Spicerack Winemaking

Our Philosophy

Our winemaking philosophy is based in our firm belief that fine wines are first made in the vineyard. By this we mean that crafting great wines requires superb quality grapes - which can only come from unique, well-tended vineyards. We want to capture the intensity that comes from these vineyard sites, but in a balanced fashion so that our wines enhance, not overpower the meal or occasion.

In the Vineyard

We encourage cover crops and add organic matter to naturally replenish the soil with nitrogen and increase diversity of flora and fauna while preventing erosion. These cover crops also reduce need for fumigation and support beneficial insects for pest management; they help conserve water and soil, creating the basis for sustained production and fine quality wines. We encourage the proliferation of natural predators to control vine pests and rodents. We reduce insect pests, powdery mildew and bunch rot through leaf removal and canopy management. Character and balance in the grapes are enhanced by improved sunlight and air penetration. Last, we crop thin and remove shoots to naturally control vigor and limit yield per vine, increasing flavors and aromas.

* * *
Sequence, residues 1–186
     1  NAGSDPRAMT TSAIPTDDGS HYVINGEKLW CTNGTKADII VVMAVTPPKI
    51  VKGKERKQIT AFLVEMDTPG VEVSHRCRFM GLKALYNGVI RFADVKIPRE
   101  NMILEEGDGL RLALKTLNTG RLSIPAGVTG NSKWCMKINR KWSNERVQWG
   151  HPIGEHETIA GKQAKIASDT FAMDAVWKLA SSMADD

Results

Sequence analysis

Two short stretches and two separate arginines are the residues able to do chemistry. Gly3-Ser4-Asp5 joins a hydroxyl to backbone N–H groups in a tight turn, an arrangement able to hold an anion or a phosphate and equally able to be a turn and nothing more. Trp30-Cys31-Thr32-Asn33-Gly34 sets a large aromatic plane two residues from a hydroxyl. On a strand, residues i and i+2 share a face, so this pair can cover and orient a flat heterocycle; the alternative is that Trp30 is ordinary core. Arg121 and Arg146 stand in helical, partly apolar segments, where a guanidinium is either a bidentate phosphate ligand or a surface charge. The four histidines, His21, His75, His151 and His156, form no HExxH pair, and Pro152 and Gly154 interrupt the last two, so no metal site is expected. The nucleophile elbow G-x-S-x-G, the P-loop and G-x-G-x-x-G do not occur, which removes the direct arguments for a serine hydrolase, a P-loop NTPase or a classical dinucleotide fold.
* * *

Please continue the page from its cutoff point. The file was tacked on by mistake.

In the Cellar

Jonathan Pey “punches down” the
fermenting cap of Spicerack Syrah

While we believe the finest wines are "made in the vineyard" through proper farming activities, our cellar techniques are critical to ensure the diligence exercised in the vineyards does not go to waste.

For starters, and to ensure the finest quality, we hand prune and hand-harvest every vineyard we work. We also hand-sort the grapes in the vineyard by culling inferior bunches. When our grapes arrive at the winery they are carefully weighed and sorted by hand (again). These steps may seem trivial, but the vast majority of wines produced around the world never see such expensive luxuries.

Spicerack Syrah grapes are hand-sorted and usually fully destemmed. These freshly-picked grapes are left to rest for a few days as a “cold soak” before fermentation begins. But unlike Pinot Noir, Syrah demands more activity, “punching down” the fermenting cap to introduce oxygen (hence this wines name). Once dry and in barrel, Spicerack is racked often (again more oxygen) and topped frequently.

We use only French barrels and for most wines, use them judiciously. We want the grape and vineyard flavors to be in balance with the toasty French oak.

Spicerack Syrah is fined (clarified) with organic egg whites, bottled unfiltered and thus may throw a harmless deposit.